The bigger surprise comes when Coulson shrugs off Hunter's betrayal and offers him a job with S.H.I.E.L.D. "No doubt, you've made some mistakes," says Coulson. "So have I."
Coulson's forgiveness comes a little too easily. This generous offer comes from the same guy who handcuffed Skye for a few episodes after the whiff of a betrayal, and who thinks of his team as his family. If anything, Coulson's rise to S.H.I.E.L.D. director has made him more of a hard-ass. Yes, Coulson is hurting for help, but would he really want to hire a guy who disabled three of his agents in the midst of a pivotal mission?
Maybe the answer is yes. Desperate times call for desperate measures, and Coulson is undeniably desperate for anyone who can get the job done — even if that person doesn't really believe in the work he's doing. "S.H.I.E.L.D. isn't a life," warns Hunter in a conversation with Skye. "It's just a job. A means to an end."
If that's the truth, someone forgot to tell Coulson, who is — as Talbot correctly labels him — a kind of zealot for S.H.I.E.L.D.'s mission, even as he stands alone. He may have his invisible jet, but the sky has gotten a lot more crowded since Agents of S.H.I.E.L.D. premiered, and there's plenty of work left to do before S.H.I.E.L.D. can reclaim its good name.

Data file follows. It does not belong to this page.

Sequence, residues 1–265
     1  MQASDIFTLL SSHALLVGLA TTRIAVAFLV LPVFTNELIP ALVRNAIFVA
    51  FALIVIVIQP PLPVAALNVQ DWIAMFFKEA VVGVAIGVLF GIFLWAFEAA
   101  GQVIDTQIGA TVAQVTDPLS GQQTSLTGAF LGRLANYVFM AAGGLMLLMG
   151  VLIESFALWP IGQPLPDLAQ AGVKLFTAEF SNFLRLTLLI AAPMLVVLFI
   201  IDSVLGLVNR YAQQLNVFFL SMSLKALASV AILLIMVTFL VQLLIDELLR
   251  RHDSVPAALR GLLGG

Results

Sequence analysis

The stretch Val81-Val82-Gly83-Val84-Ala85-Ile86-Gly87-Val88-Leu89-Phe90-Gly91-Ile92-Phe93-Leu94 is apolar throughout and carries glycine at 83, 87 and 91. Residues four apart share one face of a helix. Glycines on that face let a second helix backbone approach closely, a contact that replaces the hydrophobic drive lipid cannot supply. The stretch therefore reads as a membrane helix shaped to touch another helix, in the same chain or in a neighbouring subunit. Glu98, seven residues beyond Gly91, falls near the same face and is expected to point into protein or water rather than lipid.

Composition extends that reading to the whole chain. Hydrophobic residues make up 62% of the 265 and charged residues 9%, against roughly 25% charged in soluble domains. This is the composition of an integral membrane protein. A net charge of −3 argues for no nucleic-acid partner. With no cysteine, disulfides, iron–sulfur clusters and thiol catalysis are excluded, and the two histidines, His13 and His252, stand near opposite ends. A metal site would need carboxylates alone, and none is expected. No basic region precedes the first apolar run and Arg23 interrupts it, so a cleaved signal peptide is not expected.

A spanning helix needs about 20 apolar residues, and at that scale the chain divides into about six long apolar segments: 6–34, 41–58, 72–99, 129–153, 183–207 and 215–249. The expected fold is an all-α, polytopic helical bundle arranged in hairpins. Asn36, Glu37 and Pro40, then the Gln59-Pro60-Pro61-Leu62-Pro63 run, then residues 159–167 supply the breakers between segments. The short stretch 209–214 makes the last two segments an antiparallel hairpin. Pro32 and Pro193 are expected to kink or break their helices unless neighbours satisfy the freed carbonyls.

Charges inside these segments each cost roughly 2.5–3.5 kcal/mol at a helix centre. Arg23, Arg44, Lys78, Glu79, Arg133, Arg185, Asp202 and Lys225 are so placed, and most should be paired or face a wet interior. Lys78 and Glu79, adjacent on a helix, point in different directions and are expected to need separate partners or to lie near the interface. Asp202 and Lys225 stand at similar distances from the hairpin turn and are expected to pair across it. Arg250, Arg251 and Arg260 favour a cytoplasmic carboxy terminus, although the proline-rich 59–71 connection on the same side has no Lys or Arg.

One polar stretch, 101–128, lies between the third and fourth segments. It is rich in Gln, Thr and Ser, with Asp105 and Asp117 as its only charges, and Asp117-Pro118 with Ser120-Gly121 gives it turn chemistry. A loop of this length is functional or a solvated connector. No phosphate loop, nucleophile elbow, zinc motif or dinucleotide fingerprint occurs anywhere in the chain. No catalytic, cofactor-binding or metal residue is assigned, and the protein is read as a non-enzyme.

- So: Kyle MacLachlan, a.k.a. Raina's creepy new boss, is Skye's father. Is he some kind of mad scientist? A Skrull? The evil Dale from the Black Lodge? Your guess is probably better than mine.
- "Heavy Is the Head" also returns to the show's other favorite new mystery: the meaning of the weird symbols Coulson compulsively carves into the wall. Frankly, it's going to be hard to care what it means until we have at least some small inkling where all of that is going.
- Hunter is the obvious focal point for this week's episode, but Agents of S.H.I.E.L.D. also deserves major credit for its quasi-rewrite of Glenn Talbot. In the first season, he was a dull blowhard; this year, he's a worthy adversary to Coulson, with his own intriguing moral code.
- The door is open for Creel to return someday, though I'm not sure how they're going to top his use of carbine, a substance that's "three times harder than diamonds." I guess they can always make up something that's four times harder.
- Mack, who replaces Simmons as Fitz's lab partner, is played by an actor named Henry Simmons. As if Fitz didn't have enough to be confused about.
- Skye, arguing that Creel will never lack for companionship: "That guy is jacked. And he can turn any body part into any material …" And I thought this was a family show.
- Some small, desperate part of me spent the entirety of the episode clinging to the hope that "Heavy Is the Head" was a subtle MODOK reference. Someday …
Scott Meslow is the entertainment editor for TheWeek.com.